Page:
Helicopters pluck homeowners to security as rains eyelash Japan

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Kyodo News by means of AP

An individual inside a house waves to a helicopter as your house is submerged in water flooded from a river in Joso, Ibaraki prefecture, northeast of Tokyo Thursday, Sept. 10, 2015. Heavy rain is pummeling Japan for a 2nd straight day, overflowing rivers and triggering landslides and localized flooding in the eastern part of the country.

Thursday, Sept. 10, 2015|12:20 a.m.

TOKYO– Japanese military helicopters plucked dozens of locals from the tops of their homes Thursday, however rescue officials said they were not able to stay up to date with the pleas for aid after raving floodwaters overloaded parts of a city north of Tokyo.

As heavy rain pounded Japan for a 2nd straight day, the Kinugawa River broke through a flood berm, sending a wall of water into Joso, about 50 kilometers (30 miles) northeast of Japan’s capital.

National broadcaster NHK showed aerial video of rescuers lowered from helicopters and climbing onto second-floor terraces to reach stranded locals. There were no instant reports of deaths or injuries.

In one dramatic scene, the rescuer could be seen coming down four times from a military helicopter over a 20-minute period to lift up 4 people one-by-one, as a deluge of water swept around their house.

Close by a guy clung to an utility pole as the waters rose, prior to being used up by a rescuer who needed to be first reduced into the water so her could make his way over to the man.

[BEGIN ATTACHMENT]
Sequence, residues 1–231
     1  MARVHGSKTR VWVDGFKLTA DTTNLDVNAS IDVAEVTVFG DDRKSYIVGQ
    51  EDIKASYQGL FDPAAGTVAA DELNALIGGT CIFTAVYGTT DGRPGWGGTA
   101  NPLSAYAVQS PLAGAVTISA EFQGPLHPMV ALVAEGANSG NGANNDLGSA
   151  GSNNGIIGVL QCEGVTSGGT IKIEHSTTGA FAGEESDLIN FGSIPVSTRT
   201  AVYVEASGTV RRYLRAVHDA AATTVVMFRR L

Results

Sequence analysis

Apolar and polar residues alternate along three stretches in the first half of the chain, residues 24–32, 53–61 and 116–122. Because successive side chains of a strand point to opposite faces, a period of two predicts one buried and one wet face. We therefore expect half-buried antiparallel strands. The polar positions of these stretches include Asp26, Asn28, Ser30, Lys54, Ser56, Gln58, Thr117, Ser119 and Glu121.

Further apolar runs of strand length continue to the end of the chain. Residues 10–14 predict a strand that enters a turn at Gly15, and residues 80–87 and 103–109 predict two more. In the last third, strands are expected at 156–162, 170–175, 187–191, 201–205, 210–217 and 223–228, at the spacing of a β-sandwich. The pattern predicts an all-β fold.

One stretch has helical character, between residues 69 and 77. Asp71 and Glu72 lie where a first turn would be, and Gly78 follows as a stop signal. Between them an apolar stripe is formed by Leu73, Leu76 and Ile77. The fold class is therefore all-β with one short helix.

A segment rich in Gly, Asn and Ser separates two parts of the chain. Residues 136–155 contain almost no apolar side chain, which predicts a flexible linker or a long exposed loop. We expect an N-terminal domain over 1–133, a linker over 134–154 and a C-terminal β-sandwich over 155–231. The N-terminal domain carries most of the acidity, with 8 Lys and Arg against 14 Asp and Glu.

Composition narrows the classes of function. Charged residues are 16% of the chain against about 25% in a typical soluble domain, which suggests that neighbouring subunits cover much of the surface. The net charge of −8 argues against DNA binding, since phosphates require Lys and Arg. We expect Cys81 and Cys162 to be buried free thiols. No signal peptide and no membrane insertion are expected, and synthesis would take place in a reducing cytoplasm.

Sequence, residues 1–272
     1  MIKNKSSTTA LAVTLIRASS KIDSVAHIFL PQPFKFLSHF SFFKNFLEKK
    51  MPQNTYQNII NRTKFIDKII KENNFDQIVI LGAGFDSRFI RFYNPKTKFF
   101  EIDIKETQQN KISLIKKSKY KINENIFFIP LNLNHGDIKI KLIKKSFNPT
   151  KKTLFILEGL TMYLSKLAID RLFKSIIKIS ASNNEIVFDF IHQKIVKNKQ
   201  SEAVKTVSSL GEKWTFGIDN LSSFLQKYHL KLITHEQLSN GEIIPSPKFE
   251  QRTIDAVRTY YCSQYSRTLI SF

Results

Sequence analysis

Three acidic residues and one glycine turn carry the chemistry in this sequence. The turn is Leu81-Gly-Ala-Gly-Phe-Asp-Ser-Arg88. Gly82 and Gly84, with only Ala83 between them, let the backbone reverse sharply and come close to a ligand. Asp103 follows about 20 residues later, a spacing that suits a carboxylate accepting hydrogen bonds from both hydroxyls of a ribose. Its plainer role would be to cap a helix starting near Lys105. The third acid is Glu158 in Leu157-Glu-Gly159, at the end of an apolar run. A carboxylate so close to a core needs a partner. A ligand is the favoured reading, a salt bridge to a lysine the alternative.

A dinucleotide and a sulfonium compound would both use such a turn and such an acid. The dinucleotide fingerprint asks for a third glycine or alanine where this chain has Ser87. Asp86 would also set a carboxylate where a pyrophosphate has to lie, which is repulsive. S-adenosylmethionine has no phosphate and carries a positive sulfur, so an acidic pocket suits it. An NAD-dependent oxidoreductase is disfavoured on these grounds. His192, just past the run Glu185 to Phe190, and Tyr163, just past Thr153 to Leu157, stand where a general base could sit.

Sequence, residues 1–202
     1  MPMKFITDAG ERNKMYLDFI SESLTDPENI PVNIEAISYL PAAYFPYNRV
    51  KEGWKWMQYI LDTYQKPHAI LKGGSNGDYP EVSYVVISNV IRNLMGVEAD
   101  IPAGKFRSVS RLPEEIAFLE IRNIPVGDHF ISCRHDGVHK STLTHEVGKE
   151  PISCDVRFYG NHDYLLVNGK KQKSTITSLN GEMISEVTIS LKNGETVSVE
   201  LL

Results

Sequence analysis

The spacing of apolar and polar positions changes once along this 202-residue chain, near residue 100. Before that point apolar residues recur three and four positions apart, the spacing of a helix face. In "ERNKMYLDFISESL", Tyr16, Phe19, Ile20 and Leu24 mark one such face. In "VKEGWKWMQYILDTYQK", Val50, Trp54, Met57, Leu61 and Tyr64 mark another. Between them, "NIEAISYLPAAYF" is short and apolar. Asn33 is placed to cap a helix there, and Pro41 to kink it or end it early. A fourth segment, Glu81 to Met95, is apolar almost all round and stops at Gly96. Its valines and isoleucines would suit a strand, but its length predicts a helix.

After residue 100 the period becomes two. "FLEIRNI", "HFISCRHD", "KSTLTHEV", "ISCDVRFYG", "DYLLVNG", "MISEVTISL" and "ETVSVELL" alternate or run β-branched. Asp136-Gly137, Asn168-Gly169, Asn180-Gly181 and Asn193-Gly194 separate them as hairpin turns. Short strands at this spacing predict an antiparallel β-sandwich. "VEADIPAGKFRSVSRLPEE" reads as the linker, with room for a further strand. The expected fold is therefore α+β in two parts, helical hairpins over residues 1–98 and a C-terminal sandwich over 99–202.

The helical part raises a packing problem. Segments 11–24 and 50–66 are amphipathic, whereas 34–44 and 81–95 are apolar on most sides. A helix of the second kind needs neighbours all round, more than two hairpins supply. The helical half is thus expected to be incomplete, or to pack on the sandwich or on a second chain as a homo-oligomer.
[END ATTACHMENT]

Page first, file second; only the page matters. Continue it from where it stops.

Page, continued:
Others waved cloths from their deck as torrents of water removed cars and knocked buildings off their structures.

Japan’s Kyodo news service reported that 39 people had actually been rescued by Japan’s Self-Defense Forces, as its armed force is called, and rescue work was continuing.

Akira Motokawa, a city evacuation official, told NHK that rescuers have actually been unable to react to the volume of calls for assistance.

The Transportation Ministry approximated that 6,900 homes have actually been impacted by the flooding, Kyodo said, adding just about 2,500 of the city’s residents had actually been evacuated beforehand to shelters. The floodwaters reached a minimum of 8 kilometers (5 miles) from the breach.

Tokyo was soaked with rain, but the hardest-hit location was to the north in Ibaraki and Tochigi prefectures. One female was missing out on hours after a landslide struck residences at the foot of a steep, wooded slope. Bullet train service was partially suspended.

The rains began the heels of Hurricane Etau, which triggered comparable flooding and landslides Wednesday as it crossed main Japan.

The Fire and Disaster and Management Agency said 15 people were hurt by Etau, two seriously, both elderly women who were overturned by strong winds.

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